Tribal Tech


Compass Confusion


Making electronic music is very different from live improvisation—so much so that few musicians have even tried to bring the two together. On one side, Kurt Rosenwinkel’s side project Bandit 65 makes brilliant electronic free improv, mostly using guitar-based technology; on the other, Mark Giuliana’s Beat Music builds arresting collages out of loops, samples, and electronic percussion, but at the cost of improvisational space.

Junk Magic, keyboardist Craig Taborn’s plugged-in side project, comes down the middle. Whereas Taborn presented the first Junk Magic album in 2004 as a solo project, it’s now an actual band, and the five of them play that way. But Taborn also uses effects and post-production to alter the sound of that band, making the music bigger, richer, and more otherworldly.

Compass Confusion is deeply invested in texture and timbre. There may be individual lines within each piece, but they’re like threads in a fabric; what we notice most is the whole. Mat Maneri’s mournful viola lines on “Dream and Guess” are never entirely foregrounded, either on their own or in counterpoint with Chris Speed’s tenor; they remain just another part of the dark, reverberant soundscape alongside Taborn’s misty synths and David King’s echoing drums. The music is often dark—“The Science of Why Devils Smell Like Sulfur” isn’t just a song title—but there’s joy too, whether in the jittery, slightly off-balance pulse that emerges from the electronic flotsam of “Sargasso” or the determinedly funky groove that eventually takes over “Laser Beaming Hearts.” Junk Magic may not be the ultimate solution to jazz’s difficulties with electronica, but it’s definitely one of the best answers so far. J.D. CONSIDINE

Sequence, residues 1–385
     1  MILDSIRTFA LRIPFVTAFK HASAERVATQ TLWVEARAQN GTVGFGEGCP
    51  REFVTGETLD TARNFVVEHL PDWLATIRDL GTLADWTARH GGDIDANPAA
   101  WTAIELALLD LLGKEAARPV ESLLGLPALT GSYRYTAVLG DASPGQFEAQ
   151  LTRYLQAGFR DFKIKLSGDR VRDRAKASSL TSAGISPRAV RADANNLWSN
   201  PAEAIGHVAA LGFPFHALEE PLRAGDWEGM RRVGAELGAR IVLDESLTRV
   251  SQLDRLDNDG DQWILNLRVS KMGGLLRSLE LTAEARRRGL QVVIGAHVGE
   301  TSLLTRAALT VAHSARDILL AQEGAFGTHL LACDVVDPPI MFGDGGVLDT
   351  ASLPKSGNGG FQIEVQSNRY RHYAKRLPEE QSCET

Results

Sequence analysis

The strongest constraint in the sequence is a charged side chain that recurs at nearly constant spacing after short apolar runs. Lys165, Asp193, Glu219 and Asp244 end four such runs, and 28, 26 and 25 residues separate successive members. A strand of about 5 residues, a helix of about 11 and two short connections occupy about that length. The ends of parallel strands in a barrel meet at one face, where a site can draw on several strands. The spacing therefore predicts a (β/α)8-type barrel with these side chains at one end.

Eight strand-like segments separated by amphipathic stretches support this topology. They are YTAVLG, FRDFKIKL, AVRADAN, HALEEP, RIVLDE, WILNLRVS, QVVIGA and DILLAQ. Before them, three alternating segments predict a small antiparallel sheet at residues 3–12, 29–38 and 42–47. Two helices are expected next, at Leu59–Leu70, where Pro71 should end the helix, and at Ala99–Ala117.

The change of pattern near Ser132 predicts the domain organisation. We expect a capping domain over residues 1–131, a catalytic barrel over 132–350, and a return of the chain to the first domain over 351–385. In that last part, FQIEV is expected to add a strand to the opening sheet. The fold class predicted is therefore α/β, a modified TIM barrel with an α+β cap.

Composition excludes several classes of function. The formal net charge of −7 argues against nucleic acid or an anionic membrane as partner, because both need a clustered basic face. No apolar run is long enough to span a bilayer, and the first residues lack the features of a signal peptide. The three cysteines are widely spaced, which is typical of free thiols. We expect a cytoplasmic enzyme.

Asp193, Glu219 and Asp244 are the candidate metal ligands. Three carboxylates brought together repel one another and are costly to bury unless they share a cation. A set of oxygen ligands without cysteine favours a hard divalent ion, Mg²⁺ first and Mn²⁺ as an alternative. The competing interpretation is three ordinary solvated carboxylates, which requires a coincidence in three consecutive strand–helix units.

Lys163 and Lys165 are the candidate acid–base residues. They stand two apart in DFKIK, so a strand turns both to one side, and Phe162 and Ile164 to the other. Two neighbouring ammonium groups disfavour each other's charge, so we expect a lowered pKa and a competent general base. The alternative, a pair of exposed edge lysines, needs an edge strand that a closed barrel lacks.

There Is a Tide


I dove into this without checking the liner notes first, which left me gaping at the supple interplay between, and I quote, “piano, keyboards, electric and acoustic guitars, bass guitar, drums, clarinet, bass clarinet, flute, alto flute, percussion, samples, and saxophones.” Imagine my shock at finding out every last lick of the above comes from Chris Potter himself—a man known for sax better than anything else, but who has clearly been woodshedding beyond even Coltrane levels (he cut this in six weeks) during the new isolation.

And isolation marks his methodology, which explains his means. We’re seeing and hearing a lot about folks reaching out to each other over the computer, a lot of thank-God-or-whoever-up-there for the means to connectivity both electronic and personal. Potter politely refuses this and uses lockdown to go inside himself. On the momentum of a small miracle, though, this never sounds brooding, navel-gazing, or even ingrown. He’s sprouted multitudes. “Rising Over You,” for example, struts some funk backbeats while the keyboard wanders through a wavy pattern, the guitars double up for a contemplative motif, and the warm but delicate soprano sax waves the way forward. “Mother of Waters” puts liquid vibes over a melodic bassline, leaving flute to flutter forth a variation on that bassline; later on it’s not-quite-swing with a fragile sax part, threatening to sputter out, gaining strength from the other horns, gaining health, before the Caribbean vibe chimes back in.

I want the insanity over, and I’m sure you do too. We wish the new isolation into history, into a page we can turn. But I wonder what Chris Potter could do—theoretically, of course—with another several months of this. I wonder what he could grow. ANDREW HAMLIN


The Lost Berlin Tapes


Were there a jazz rainbow—let’s call it a swinging rainbow—that ended in

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